Super-computer trounced by human brain
IBM's Blue Gene super-computer has performed a record 280.6 trillion operations per second on the industry standard LINPACK benchmark. That is more than 10^14 operations per second.
The human brain contains around 10^11 brain cells, so Blue Gene could in principle deploy about 10^3 operations per second on simulating each brain cell in a simulation of the whole brain.
However, each brain cell has a lot of biological computing machinery associated with it (e.g. its large number of synapses, the dendritic tree that connects the synapses to the cell body, the cell membrane, etc), and the time scale for brain cell dynamics is around a millisecond, so the 10^3 operations per brain cell per second that Blue Gene gives you isn't anywhere near enough compute power for a real-time simulation of the brain.
If each brain cell (including all of its biological computing machinery) needs around 10^9 operations per second (1 per millisecond, times a conservative 10^6 to account for all the large number of synapses and the dendritic tree) , then the total number of operations per second that are needed for the whole brain is around 10^20 (10^9 operations per brain cell, times 10^11 brain cells).
Thus, conservatively 10^20 operations per second are needed for a real-time simulation of the human brain, but Blue Gene can supply only 10^14 operations per second. There is rather a large shortfall.
Clearly, we are nowhere near being able to simulate all of the neurons in the human brain in real time. Even if Blue Gene was fast enough, it would still lose out in terms of processing power per cubic millimetre. Blue Gene occupies a very large room (think "supermarket", or have a look at the photo here), whereas the human brain occupies a cranium.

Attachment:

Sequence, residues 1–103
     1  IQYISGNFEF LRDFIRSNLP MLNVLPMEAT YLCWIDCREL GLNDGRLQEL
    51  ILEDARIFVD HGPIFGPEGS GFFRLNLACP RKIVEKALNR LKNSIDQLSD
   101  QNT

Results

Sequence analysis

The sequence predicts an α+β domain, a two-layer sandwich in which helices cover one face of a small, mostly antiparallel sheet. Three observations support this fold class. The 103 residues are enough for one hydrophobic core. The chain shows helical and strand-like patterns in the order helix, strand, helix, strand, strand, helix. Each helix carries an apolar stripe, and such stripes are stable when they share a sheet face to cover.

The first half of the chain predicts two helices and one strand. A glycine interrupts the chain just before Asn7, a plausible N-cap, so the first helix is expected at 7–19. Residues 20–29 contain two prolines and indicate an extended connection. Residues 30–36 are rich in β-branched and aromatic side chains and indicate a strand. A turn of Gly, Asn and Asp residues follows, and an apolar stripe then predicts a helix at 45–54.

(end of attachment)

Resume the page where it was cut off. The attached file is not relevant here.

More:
And don't even think about comparing the relative energy requirements of Blue Gene and the human brain.
Blue Gene achieves its speed by connecting together a large number of conventional microcomputers, each of which uses a variant of a more-or-less standard computer architecture (the so-called von Neumann architecture). In the other hand, the human brain does not use anything remotely like this approach to the problem of doing computations. In effect, it uses special purpose biological hardware for each and every processing node (i.e. each brain cell plus its associated machinery), and this biological hardware operates as a fine-grained parallel computer.
To compete with a human brain, a remote descendent of Blue Gene will have to operate in a similarly fine-grained parallel way, and will thus have to be built using a much less clunky technology than tens of thousands of interconnected microcomputers.
I believe that the solution to this problem will emerge from nanotechnology, and it will use something analogous to artificial DNA to orchestrate the building of fine-grained parallel computers.